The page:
Just a note to flag the big online health news of the day: Microsoft has officially launched its new consumer health management platform, HealthVault -- "a trusted place to store your personal health information," complete with a specialized health search engine.Ms_healthvault

The service is designed "to help patients coordinate disparate pieces of health-care information, from lab results and prescription records to X-rays and daily blood pressure and allergy readings."

This morning, BusinessWeek, The New York Times, CNN Money, and just about everybody else is buzzing about the announcement.

And the buzzwords are: Privacy, Compatibility, and Security. As in, will consumers really be willing to put their most personal data into a file server that's potentially available to prying eyes? Microsoft promises locked-down security.

BusinessWeek also notes, however, that "patient health records are about as resistant to information technology as the common cold is to a cure." This is due to the fact that many doctors are already strapped for time, and have no real economic incentive to digitize all their patient data. This goes for doctors in small practices all the way up to large hospital settings. "The amount of training needed to switch over to computerized systems may be more trouble than it's worth for many time-stressed physicians."

Innovation 2015

Cocky as ever, Microsoft insists it can break through all the traditional barriers to EMR (electronic medical records). Here's why:

1) By offering HealthVault as a free online repository, the company has essentially "changed the economic equation so that hospitals and doctors don't need to invest in new equipment" in order to use EMR.

2) Microsoft is partnering with established medical records software providers like Allscripts to make it easy to send files over the Web to HealthVault. Also, doctors' offices that don't use such software can securely fax the data into a patient's digital files.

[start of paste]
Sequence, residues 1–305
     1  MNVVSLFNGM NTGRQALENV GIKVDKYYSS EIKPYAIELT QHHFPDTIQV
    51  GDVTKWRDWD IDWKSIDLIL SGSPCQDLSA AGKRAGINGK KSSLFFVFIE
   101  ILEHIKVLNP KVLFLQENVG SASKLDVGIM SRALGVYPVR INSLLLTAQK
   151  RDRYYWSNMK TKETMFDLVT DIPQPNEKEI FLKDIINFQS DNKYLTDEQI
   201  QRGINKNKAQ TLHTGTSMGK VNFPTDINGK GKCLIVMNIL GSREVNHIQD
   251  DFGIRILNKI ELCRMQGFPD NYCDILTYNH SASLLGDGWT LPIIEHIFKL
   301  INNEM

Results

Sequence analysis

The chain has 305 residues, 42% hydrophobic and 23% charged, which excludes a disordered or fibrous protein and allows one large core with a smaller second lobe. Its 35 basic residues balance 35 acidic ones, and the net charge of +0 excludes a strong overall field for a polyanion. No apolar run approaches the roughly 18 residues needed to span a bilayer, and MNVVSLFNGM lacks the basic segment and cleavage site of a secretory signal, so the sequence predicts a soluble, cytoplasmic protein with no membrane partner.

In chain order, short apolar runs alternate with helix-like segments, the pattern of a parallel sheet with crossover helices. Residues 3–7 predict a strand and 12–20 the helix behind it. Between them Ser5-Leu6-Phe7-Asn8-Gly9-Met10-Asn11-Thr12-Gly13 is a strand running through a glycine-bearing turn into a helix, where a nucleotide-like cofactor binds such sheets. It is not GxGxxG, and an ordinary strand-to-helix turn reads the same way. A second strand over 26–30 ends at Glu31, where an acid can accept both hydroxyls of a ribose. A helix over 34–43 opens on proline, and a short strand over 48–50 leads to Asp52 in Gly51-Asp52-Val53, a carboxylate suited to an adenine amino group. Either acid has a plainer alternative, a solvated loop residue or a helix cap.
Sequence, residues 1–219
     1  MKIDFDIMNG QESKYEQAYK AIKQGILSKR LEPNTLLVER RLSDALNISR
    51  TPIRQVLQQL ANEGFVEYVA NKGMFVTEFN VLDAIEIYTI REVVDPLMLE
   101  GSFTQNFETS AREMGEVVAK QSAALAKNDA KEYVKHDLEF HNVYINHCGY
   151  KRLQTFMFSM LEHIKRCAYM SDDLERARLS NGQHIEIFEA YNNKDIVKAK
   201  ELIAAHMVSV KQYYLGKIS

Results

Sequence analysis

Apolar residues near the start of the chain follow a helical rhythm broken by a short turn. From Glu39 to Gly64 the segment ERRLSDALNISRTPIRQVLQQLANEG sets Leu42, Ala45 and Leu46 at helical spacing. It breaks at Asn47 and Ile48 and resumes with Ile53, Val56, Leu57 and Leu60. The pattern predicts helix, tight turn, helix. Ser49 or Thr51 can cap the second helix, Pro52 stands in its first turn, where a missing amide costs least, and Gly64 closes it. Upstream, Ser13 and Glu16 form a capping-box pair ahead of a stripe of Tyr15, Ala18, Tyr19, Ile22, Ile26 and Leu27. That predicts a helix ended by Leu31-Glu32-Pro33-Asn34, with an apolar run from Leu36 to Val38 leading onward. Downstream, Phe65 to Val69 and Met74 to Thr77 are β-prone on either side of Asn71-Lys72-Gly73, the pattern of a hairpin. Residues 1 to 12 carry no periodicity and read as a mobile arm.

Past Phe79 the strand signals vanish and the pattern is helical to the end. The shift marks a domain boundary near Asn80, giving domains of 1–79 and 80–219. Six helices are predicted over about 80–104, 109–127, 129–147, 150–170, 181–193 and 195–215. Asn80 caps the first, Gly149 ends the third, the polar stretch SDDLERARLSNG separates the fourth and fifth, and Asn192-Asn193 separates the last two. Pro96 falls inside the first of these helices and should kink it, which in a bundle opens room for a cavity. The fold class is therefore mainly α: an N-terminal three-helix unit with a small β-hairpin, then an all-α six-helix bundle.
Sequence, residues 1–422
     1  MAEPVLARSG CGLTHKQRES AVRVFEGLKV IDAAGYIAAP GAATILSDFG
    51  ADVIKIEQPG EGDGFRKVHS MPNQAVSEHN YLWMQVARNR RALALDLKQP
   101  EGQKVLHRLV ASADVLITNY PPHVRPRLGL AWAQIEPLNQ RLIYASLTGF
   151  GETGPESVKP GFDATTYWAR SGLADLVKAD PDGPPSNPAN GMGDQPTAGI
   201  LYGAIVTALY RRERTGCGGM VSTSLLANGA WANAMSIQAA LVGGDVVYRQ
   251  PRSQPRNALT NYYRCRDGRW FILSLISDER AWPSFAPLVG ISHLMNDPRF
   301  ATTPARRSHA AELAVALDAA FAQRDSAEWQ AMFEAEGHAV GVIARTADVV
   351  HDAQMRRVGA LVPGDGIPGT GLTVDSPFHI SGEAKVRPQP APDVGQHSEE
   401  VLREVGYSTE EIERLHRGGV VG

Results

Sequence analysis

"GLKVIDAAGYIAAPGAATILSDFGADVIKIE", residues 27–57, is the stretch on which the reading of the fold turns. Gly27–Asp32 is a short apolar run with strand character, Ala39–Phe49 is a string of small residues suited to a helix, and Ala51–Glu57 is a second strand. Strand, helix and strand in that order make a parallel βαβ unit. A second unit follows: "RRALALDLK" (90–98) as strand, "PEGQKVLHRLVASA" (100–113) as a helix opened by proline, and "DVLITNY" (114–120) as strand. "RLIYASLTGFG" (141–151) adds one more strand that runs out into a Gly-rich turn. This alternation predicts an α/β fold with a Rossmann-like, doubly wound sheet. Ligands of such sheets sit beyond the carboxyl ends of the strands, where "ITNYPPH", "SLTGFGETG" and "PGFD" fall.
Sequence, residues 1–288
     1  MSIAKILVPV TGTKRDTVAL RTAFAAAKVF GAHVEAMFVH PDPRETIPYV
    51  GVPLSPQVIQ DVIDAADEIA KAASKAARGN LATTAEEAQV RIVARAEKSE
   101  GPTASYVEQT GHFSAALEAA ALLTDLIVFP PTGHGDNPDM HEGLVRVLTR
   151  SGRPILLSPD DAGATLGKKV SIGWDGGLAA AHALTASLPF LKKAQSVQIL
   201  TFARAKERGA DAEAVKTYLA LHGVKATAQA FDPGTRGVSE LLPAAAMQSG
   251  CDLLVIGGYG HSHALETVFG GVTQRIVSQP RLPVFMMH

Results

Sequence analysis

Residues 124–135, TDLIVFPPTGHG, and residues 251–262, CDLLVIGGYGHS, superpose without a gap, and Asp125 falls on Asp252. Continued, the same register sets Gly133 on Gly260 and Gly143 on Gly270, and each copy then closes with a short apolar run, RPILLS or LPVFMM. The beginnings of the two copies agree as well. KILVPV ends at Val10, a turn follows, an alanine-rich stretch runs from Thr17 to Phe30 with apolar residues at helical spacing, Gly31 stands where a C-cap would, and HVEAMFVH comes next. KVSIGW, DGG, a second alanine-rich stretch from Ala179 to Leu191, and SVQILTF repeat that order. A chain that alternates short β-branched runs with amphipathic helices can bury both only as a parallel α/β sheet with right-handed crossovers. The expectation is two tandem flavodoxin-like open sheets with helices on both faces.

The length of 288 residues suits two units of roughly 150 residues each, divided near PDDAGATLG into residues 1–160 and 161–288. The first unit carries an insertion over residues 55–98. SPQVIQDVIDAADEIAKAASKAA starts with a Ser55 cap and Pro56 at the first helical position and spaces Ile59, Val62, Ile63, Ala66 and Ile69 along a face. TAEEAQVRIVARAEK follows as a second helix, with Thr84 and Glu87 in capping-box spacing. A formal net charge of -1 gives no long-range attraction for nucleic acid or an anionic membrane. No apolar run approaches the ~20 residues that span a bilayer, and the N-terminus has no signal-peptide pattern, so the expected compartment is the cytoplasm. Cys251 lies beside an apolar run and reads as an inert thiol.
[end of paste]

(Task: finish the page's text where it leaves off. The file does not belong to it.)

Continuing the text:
3) Microsoft is betting on making a boatload of money (!) on the combination of HealthVault and another business that sells software to hospitals -- "a billion-plus" in revenue according to Peter Neupert, new head of the company's Health Solutions Group. The income from HealthVault will come from ad revenue associated with the built-in search capability offered by Medstory, a Foster City, CA, company acquired by Microsoft last February. Medstory's health-specific results are grouped together under topics such as clinical studies, nutrition, and medication.

In the end, of course, patient buy-in is key. Will people flock to HealthVault? Check it out and let me know if it looks like a place that YOU would store YOUR medical records.

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This content is created for Diabetes Mine, a consumer health blog focused on the diabetes community. The content is not medically reviewed and doesn't adhere to Healthline's editorial guidelines. For more information about Healthline's partnership with Diabetes Mine, please click here.